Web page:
Chevron USA Production Kern River Eastridge cogen - Executive Summary

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The Chevron USA Production Kern River Cogeneration Facility is located in Bakersfield, California and produces steam and electricity from natural gas.   The steam is used for enhanced oil recoveryand a portion of the electrical power is consumed by Chevron, while all surplus power is sold to the local utility. A new aqueous ammonia process unit is being added to the existing Cogeneration Plant and is scheduled to start up in 2nd quarter 2000.  The ammonia will reduce the amount of nitrogen oxides (NOx)  in the flue gas, which is accomplished by injecting ammonia vapor in the flue gas just prior to exposure to a catalyst.  The resultant chemical reaction reduces the NOx to harmless nitrogen and water.   The aqueous ammonia that is used is a <30% concentration.  The maximum quantity of aqueous ammonia at the facility is above  EPA's Risk Management Program (RMP) threshold quantities,and  above the California Accidental Release 
Prevention Program (CalARP) threshold quantity.  There are no other process units or substances at the Kern River Cogeneration Facility that are regulated under RMP or CalARP.   
The Eastridge Cogeneration Facility has a long-standing commitment to workers and public safety.  This commitment is demonstrated by the resources invested in accident prevention, such as training personnel and considering safety in the design, installation, operation and maintenance of our processes.  Our policy is to implement reasonable controls to prevent foreseeable releases of regulated substances.  However, if a release does occur, trained plant  personnel will respond to control and contain the release.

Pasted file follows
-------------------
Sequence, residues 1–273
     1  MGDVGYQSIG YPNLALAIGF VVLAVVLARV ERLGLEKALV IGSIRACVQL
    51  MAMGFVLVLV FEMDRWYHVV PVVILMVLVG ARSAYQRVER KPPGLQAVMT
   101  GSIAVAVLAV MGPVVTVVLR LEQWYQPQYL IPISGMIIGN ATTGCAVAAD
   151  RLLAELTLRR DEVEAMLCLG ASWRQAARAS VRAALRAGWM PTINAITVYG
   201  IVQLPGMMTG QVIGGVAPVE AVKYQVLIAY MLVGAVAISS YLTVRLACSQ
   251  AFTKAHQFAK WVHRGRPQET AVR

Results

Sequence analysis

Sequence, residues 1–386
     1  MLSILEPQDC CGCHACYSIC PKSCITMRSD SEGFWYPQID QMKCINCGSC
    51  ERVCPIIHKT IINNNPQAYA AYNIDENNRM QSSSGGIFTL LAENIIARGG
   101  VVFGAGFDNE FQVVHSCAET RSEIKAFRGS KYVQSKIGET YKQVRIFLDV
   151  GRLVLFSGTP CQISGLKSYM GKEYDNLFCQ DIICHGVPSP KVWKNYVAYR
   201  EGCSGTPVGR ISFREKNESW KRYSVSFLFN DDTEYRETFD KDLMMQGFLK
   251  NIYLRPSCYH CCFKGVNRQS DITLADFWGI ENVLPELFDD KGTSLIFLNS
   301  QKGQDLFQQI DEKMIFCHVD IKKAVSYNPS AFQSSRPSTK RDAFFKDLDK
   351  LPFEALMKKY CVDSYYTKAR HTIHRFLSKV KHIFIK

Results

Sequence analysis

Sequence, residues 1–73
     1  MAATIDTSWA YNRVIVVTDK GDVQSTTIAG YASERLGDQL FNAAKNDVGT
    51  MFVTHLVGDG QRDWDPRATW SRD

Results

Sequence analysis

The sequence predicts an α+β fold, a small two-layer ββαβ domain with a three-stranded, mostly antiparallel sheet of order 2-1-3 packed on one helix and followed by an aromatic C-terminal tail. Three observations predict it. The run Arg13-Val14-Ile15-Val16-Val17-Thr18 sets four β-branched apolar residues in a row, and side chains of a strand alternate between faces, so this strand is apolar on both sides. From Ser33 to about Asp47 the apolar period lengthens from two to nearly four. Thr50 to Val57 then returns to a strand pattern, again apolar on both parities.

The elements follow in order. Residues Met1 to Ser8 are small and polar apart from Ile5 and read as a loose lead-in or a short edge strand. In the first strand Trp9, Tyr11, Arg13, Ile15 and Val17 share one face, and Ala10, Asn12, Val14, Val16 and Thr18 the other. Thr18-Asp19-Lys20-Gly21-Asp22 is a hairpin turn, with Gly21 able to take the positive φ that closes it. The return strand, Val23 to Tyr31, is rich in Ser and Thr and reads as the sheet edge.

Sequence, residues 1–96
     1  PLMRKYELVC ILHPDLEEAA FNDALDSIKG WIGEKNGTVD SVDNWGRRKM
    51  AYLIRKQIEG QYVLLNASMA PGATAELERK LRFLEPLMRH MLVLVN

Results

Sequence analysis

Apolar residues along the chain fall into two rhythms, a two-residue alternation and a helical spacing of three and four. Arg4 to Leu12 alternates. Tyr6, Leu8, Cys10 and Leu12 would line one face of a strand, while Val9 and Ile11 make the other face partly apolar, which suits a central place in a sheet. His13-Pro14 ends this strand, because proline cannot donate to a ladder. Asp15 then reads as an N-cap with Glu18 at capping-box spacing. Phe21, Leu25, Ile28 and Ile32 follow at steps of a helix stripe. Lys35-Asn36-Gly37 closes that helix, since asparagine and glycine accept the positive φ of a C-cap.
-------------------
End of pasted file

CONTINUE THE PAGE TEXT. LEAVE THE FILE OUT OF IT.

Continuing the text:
The Worst Case Scenario (WCS) at the Eastridge Cogeneration Plant is a release of the maximum quantity of 72,000 lbs of aqueous ammonia from the storage tank.   A written procedure is in place to limit the storage 
inventory to this quantity.   There is a dike area around the tank and is large enough to fully contain the content of the entire tank.  The resulting distance to the endpoint concentration of 200 ppm has off-site impacts.  The only impacted public receptors are adjacent unmanned well sites.  No other public receptors or manned facilities are within the endpoint.  The OCA (offsite consequence  analysis) is based on EPA's RMP*Comp program, version 1.06.